|||Chowdhury, Abdul Haye, “The Freedom Movement in Mewat and Dr. K. M. Ashraf”, in: Horst Krüger, (ed.). Kunwar Mohammed Ashraf: An Indian Scholar and Revolutionary 1903–1962. Delhi: People’s Publishing House, 1969, pp. 291 – 340, here pp. 330–333.|
|||On Ashraf’s role in Muslim mass contact programme see: Venkat Dhulipala. Creating A New Medina: State Power, Islam, and the Quest for Pakistan in Late Colonial North India. New Delhi: Cambridge University Press, 2015.|
|||Chowdhury, Abdul Haye, “The Freedom Movement in Mewat”, pp. 331–333.|
|||Kunwar Mohammad Ashraf. Hindu-Muslim Question And Our Freedom Struggle. Two Vols. New Delhi: Sunrise Publications, 2005.|
|||Kunwar Mohammad Ashraf. An Overview of Indian Muslim Politics 1920–1947. Translated by Jaweed Ashraf. New Delhi: Manak Publishers, 2001. The Urdu version was originally published in 1963 and has been translated by Jaweed Ashraf.|
|||Michael Maschke & Jana Tschurenev. “Von der Philologie Zur Gesellschaftswissenschaft: Berliner Südasienforschung in der Zeit der DDR.“ In Maria Framke, Hannelore Lötzke, Ingo Strauch (eds.). Indologie und Südasienstudien in Berlin: Geschichte und Positionsbestimmung. Studien zur Geschichte und Gegenwart Asiens. Vol. 4, 2014. pp. 165–203.|
|||Krüger (ed.), Kunwar Mohammed Ashraf. On Krüger and his personal papers see,
|||Horst Krüger on K.M. Ashraf, in: Krüger (ed.), Kunwar Mohammed Ashraf, p. 380.|
|||K. M Ashraf. “Presidential Address to the Medieval History Section of the Indian History Congress, Aligarh 1960.” Cited in Horst Krüger (ed.). Kunwar Mohammed Ashraf: An Indian Scholar and Revolutionary 1903–l962. Delhi: People’s Publishing House, 1966, pp. 403–411.|
|||See also the post by Anandita Bajpai. “Tracing India in a Berlin Archive: Reflections on the Joachim and Petra Heidrich papers in the Leibniz-Zentrum Moderner Orient Archive.” MIDA Website Post.|
Ansari, Khizar Humayun, The Emergence of Socialist Thought Among North Indian Muslims (1917–1947). Karachi: Oxford University Press, 2015.
Ashraf, Kunwar Mohammad, An Overview of Indian Muslim Politics 1920–1947. Translated by Jaweed Ashraf. New Delhi: Manak Publishers, 2001.
——–, Historical Background of Hindu- Muslim Question in India 1725–1943.” Two Vols. New Delhi: Sunrise Publications, 2005.
——–, Indian Historiography and Other Related Papers. Translated from Urdu and prepared for Publication by Jaweed Ashraf. New Delhi: Sunrise Publications, 2006.
Bajpai, Anandita, Tracing, Cataloguing, Indexing: Reflections on the Joachim and Petra Heidrich papers in the Leibniz-Zentrum Moderner Orient Archive, 2018, https://www.projekt-mida.de/reflexicon/tracing-cataloguing-indexing-reflections-on-the-joachim-and-petra-heidrich-papers-in-the-leibniz-zentrum-moderner-orient-archive/. (Last accessed on: 03-05-2019).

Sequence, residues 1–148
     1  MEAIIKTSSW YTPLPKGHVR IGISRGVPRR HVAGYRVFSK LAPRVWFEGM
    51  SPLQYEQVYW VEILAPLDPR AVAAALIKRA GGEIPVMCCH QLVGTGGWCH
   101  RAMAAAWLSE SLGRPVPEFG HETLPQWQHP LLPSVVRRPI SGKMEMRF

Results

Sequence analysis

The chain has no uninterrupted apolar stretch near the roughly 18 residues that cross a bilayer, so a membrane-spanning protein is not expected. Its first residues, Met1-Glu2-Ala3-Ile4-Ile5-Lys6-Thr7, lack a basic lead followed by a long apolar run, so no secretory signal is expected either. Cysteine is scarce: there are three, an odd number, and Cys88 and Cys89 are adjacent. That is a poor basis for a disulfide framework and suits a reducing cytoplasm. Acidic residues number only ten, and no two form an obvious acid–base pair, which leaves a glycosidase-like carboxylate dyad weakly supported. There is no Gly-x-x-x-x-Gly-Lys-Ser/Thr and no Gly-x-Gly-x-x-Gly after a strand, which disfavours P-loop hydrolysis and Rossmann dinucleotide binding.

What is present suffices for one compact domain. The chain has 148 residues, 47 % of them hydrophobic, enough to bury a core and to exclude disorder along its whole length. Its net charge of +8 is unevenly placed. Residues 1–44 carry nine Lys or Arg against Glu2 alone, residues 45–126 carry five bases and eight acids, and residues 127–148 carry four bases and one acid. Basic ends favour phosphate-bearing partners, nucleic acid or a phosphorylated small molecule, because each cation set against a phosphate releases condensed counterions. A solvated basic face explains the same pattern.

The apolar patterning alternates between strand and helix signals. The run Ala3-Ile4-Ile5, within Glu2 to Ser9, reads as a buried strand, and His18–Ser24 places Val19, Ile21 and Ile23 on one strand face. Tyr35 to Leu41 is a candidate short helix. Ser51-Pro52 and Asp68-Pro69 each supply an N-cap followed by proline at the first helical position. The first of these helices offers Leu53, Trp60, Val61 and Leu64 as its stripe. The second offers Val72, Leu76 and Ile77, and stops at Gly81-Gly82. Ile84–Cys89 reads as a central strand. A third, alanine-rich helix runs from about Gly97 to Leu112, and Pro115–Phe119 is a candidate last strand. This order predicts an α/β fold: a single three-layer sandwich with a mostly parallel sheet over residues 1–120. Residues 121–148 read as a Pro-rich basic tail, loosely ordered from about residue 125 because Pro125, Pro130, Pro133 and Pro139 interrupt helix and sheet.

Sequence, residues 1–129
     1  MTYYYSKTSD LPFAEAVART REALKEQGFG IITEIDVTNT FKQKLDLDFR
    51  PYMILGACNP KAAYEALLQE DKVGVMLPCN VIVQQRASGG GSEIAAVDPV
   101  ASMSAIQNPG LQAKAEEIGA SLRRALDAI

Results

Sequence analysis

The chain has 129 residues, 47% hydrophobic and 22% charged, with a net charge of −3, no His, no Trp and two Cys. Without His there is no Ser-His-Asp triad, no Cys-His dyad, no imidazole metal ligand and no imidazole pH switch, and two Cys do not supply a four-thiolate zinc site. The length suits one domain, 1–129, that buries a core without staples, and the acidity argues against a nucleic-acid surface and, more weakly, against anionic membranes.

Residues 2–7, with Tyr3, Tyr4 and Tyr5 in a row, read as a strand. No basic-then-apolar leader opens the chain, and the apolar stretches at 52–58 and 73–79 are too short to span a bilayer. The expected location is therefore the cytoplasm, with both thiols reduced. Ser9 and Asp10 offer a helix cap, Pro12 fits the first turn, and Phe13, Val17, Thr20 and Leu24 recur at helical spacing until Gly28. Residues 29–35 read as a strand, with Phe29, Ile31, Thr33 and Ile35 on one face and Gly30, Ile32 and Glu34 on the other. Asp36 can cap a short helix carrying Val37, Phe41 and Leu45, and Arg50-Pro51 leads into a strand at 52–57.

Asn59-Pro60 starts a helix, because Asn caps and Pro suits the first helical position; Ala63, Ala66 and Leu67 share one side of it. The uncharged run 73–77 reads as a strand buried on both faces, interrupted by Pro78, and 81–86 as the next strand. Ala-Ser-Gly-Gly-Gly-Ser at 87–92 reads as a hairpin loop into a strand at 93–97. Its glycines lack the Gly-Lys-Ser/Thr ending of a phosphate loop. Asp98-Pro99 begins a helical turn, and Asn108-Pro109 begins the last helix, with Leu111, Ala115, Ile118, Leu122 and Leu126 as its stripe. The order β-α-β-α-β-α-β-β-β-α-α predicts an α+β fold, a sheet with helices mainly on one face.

Chowdhury, Abdul Haye, “The Freedom Movement in Mewat and Dr. K. M. Ashraf”. In: Horst Krüger (ed.), Kunwar Mohammed Ashraf: An Indian Scholar and Revolutionary 1903–1962. Delhi: People’s Publishing House, 1969, pp. 291 — 340.
Dalmia, Vasudha, Poetics, Plays and Performances: The Politics of Modern Indian Theatre. Delhi: Oxford University Press, 2006.
Dhulipala, Venkat, Creating A New Medina: State Power, Islam, and the Quest for Pakistan in Late Colonial North India. New Delhi: Cambridge University Press, 2015.
Krüger, Horst (ed.), Kunwar Mohammed Ashraf: An Indian Scholar and Revolutionary 1903–1962. Delhi: People’s Publishing House, 1969.
——–, Die Internationale Arbeiterbewegung und die indische nationale Befreiungsbewegung, in 4 Bänden. Berlin: Akademie-Verlag, 1984
——–, Anfänge sozialistischen Denkens in Indien : der Beginn der Rezeption sozialistischer Ideen in Indien vor 1914. Berlin : Akademie –Verlag, 1985.
——–, Indische Nationalisten und Weltproletariat. Der nationale Befreiungskampf in Indien und die internationale Arbeiterbewegung vor 1914. Berlin: Akademie Verlag, 1984.
Mufti, Aamir, Enlightenment in the Colony: The Jewish Question and the Crisis of Postcolonial Culture. Princeton NJ: Princeton University Press, 2007.
Maschke, Michael, Jana Tschurenev, “Von der Philologie Zur Gesellschaftswissenschaft: Berliner Südasienforschung in der Zeit der DDR”. In: Maria Framke, Hannelore Lötzke, Ingo Strauch (eds.), Indologie und Südasienstudien in Berlin: Geschichte und Positionsbestimmung. Studien zur Geschichte und Gegenwart Asiens: 4. Berlin: trafo, 2014, S. 165–203.